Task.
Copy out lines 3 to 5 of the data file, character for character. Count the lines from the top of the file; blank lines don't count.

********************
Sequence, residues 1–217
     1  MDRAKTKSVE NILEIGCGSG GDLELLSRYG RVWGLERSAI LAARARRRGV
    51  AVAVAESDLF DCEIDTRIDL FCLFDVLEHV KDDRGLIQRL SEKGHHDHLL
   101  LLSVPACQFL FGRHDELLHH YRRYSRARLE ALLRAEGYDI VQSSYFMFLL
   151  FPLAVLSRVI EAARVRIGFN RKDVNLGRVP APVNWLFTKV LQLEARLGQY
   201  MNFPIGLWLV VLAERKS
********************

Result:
    51  AVAVAESDLF DCEIDTRIDL FCLFDVLEHV KDDRGLIQRL SEKGHHDHLL
   101  LLSVPACQFL FGRHDELLHH YRRYSRARLE ALLRAEGYDI VQSSYFMFLL
   151  FPLAVLSRVI EAARVRIGFN RKDVNLGRVP APVNWLFTKV LQLEARLGQY